• At first glance, it confirms my suspicion: the SEC’s self-indulgent chest beating is at least somewhat warranted. From 2004-2013, the Southeastern Conference produced more first round Pro Bowlers than any other conference. However, it’s close; the ACC has 29 to the SEC’s 32, or just a shade over 90% of the SEC total. So while the SEC is number one, it isn’t by a dominant margin.
  • It’s the SEC and the ACC, and everyone else. The next closest conference, the Big Ten, produced 20 Pro Bowlers in the ten-year span, nine fewer than the ACC. The Big 12 and Pac-12 are two and three data points behind the Big Ten, respectively. So we’re seeing two distinct tiers: SEC/ACC, and Big Ten/Big 12/Pac-12.
  • The SEC had an incredible collection of top-end talent in the 2011 draft, when it produced NINE first round Pro Bowlers, including the first seven picks of the draft. Pretty remarkable.
  • We see a pretty clear regional ramification here: the SEC and ACC schools are largely located in the southeastern part of the United States, a region often said to be rich in football talent. This analysis confirms it.

Of course, not all of these conferences have the same number of member schools, so results could be skewed toward larger conferences. Let’s look at the average Pro Bowlers per member school:

Average Pro Bowlers (First Round, 2004-2013)

 SECACCBig TenBig 12Pac-12
Pro Bowlers3229201817
Schools1415141012
Average2.281.931.431.51.42

Not a huge change, though we do see the SEC widen its lead slightly by nature of having 14 member schools to the ACC’s 15. Also, the Big 12—the smallest conference in the power five—moves ahead of the Big Ten and into third place. Thank you, Texas and Oklahoma.

What About the Mid-Majors?

 C-USAMountain WestMACAmericanSun BeltWAC
2013
201211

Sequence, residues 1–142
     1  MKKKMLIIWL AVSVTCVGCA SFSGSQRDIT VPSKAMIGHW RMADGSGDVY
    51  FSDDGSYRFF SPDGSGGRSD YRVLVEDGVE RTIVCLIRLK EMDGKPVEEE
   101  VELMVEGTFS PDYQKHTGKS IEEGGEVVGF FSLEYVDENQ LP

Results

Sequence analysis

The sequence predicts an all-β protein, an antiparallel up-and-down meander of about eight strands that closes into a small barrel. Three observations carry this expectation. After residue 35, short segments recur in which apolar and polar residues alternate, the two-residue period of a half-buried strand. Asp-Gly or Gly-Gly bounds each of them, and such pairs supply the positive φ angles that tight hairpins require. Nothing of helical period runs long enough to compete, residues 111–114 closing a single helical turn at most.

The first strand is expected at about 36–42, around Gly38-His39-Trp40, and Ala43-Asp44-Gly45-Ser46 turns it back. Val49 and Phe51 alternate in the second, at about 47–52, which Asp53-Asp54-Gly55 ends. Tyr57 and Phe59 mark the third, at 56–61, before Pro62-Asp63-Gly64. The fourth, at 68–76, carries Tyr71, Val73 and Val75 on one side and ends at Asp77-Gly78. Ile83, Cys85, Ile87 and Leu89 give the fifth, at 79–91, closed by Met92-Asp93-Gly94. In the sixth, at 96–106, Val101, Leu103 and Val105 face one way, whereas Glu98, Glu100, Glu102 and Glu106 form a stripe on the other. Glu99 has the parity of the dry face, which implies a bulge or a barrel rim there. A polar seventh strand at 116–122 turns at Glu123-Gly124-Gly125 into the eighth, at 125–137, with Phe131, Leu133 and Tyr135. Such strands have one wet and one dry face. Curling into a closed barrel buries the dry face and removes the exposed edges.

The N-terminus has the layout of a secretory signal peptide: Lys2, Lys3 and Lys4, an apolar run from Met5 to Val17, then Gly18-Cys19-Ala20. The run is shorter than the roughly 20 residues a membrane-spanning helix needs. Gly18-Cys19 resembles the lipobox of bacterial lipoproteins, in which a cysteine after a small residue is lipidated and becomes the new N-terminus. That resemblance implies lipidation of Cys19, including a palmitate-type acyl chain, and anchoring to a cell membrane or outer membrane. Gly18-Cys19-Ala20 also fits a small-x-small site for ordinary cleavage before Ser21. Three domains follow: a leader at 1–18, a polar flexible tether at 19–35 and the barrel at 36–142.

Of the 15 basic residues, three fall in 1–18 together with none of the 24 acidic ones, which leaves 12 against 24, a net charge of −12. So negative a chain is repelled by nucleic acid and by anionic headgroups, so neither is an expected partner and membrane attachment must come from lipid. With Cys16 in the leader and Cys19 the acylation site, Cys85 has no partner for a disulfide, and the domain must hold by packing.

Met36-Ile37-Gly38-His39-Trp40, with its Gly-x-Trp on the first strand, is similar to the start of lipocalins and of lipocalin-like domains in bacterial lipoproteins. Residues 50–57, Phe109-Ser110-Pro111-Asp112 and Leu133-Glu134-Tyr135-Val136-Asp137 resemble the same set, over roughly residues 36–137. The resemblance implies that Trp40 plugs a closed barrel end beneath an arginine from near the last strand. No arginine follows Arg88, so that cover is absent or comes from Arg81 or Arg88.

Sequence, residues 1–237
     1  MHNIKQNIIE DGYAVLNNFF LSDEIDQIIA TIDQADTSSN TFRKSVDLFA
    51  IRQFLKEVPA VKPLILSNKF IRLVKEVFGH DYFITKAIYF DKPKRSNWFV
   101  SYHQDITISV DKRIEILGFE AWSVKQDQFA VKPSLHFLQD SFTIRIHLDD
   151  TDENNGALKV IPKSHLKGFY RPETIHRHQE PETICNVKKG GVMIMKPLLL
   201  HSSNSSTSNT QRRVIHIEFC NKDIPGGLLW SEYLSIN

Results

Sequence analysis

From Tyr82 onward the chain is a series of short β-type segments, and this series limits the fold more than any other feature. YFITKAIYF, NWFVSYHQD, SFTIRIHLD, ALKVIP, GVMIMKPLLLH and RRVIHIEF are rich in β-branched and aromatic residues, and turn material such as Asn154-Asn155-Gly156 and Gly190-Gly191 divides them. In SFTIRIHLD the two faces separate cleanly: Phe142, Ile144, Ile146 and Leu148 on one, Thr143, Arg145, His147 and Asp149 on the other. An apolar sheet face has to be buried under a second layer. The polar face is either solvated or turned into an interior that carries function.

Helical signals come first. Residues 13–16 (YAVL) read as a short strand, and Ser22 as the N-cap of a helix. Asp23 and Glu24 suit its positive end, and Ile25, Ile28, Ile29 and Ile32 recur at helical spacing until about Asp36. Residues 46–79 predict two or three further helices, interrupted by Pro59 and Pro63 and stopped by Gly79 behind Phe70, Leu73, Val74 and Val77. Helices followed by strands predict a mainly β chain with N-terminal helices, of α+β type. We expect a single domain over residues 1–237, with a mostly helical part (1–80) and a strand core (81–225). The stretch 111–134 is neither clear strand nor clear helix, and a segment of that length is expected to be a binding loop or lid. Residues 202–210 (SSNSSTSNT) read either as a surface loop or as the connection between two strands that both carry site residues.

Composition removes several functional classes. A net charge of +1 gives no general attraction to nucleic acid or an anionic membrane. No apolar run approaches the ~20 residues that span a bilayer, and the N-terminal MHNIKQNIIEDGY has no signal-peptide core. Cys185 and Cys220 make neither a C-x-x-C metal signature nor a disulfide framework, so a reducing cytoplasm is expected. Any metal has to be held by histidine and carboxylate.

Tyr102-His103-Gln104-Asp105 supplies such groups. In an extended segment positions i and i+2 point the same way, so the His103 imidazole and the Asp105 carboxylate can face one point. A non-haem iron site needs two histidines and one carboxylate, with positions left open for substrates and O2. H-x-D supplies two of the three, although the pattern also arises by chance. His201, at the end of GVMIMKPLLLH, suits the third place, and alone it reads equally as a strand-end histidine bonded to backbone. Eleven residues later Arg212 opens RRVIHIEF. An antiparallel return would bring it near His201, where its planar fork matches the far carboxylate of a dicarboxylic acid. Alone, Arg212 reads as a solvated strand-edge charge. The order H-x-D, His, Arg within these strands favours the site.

20111
2010111
2009
2008111
20071
20061
2005111
20042
Total433321

Yeah. Not much happening here. I’ll admit, while I knew there would be a disparity between the big and little guys, I had no idea it would be THIS big. No more than four first round Pro Bowlers produced in a ten year span, and only once has a mid-major produced more than one in a given year (two, and that was in 2004). It shows just how dominant the power five football conferences are when it comes to recruiting and developing talent.

Another interesting note is which conference we don’t see in any of these tables: the Big East. The once-proud conference dissolved completely in 2013, and reformed as a non-football league shortly thereafter. Obviously, then, we don’t see any NFL players coming from the schools that make up the current Big East Conference, but it serves as a glimpse of the toll conference realignment has taken, given this was once the home of Miami, Virginia Tech, and West Virginia, among others.

Conclusions

  • The SEC and ACC are head and shoulders above the rest of the country in producing first round Pro Bowlers.
  • The gap between the power five conferences and the mid-major conferences is huge. When drafting in the first round, big schools are still the best bet.
  • The best chance to get a future Pro Bowler in the first round is to draft a player from the southeastern part of the country.